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Q. Based on my brother's MRI report, is stenting required for pancreatitis?

Answered by
Dr. Patel Hirenkumar Prakashbhai
and medically reviewed by Dr. Sneha Kannan
This is a premium question & answer published on Apr 02, 2020 and last reviewed on: Mar 23, 2021

Hi doctor,

My brother is 22 years old, and he is having severe abdominal pain, and he has a history of pancreatitis. He is currently in the hospital, and yesterday MRI was done. Below is the highlight of the MRI reports:

" Pancreatic body and tail appear mild atrophy with peripancreatic fat streakiness. The Pancreatic accessory duct draining the body and tail region appears dilated ~4.2mm with an irregular wall and drain separately into minor papilla. The main Pancreatic duct is dilated ~9.6mm and joint to CBD forming the common channel of length ~17mm before draining into the duodenum. A distal end of the common duct shows a hypointense calculus of size 6.4mm. A hypointense calculus is also seen at the proximal part of the main pancreatic duct. The liver appears normal in size, and the portal venous system appears normal. Gall bladder appears normal in appearance and wall thickness. No e/o calculi detected. CBD is dilated ~11mm with dilated IHBR. Spleen appears normal in size. Visualized portions of B/L kidneys appear normal in size."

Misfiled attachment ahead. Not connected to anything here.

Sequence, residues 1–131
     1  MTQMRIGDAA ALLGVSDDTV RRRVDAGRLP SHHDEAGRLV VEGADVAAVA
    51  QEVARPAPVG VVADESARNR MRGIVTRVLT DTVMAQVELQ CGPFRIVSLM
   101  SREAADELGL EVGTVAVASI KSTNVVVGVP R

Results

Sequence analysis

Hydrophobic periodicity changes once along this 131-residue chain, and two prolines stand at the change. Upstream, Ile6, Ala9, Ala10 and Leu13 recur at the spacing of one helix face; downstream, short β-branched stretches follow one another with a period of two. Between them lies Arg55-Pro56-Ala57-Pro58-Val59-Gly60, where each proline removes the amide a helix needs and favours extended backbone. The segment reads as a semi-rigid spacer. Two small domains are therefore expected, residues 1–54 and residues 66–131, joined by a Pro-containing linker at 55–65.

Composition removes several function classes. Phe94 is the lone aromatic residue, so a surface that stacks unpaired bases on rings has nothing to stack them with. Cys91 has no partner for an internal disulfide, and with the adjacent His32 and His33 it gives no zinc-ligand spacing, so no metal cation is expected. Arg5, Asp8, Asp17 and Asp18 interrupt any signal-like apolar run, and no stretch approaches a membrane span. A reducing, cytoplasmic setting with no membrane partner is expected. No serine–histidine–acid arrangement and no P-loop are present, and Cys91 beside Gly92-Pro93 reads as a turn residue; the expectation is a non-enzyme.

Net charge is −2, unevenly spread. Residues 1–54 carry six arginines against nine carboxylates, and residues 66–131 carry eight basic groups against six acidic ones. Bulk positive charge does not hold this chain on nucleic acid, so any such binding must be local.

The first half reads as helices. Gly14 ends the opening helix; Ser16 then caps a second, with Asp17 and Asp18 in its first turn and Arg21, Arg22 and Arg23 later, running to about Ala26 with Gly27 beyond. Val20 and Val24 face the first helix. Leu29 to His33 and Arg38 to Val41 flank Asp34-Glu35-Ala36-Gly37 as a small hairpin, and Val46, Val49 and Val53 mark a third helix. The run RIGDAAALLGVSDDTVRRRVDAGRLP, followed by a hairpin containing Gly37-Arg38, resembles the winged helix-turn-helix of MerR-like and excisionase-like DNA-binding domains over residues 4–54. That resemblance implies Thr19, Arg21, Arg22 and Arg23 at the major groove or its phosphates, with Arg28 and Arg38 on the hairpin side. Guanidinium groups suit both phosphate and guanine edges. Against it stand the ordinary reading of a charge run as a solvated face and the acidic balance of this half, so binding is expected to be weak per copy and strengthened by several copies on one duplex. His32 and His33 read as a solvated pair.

Now doctors are saying we need to do stenting. I wanted to know why stenting is required, and it is necessary at this stage? What will be the complications after stenting? What if we do not do stenting now? What are the alternatives for stenting?

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Hello,

Welcome to icliniq.com.

Yes, he has chronic pancreatitis (attachment removed to protect the patient's identity). Along with stone in the duct, which if not relieved with ERCP (endoscopic retrograde cholangiopancreatography) and stone removal added with a stent, he may develop pain again; hence, it is necessary. This is a simple procedure and has no cutting. They will do with an endoscope, followed by stone removal and stenting. The only thing I recommend is to get it done with well-skilled ERCP specialized as many of them fail in the removal of stone.


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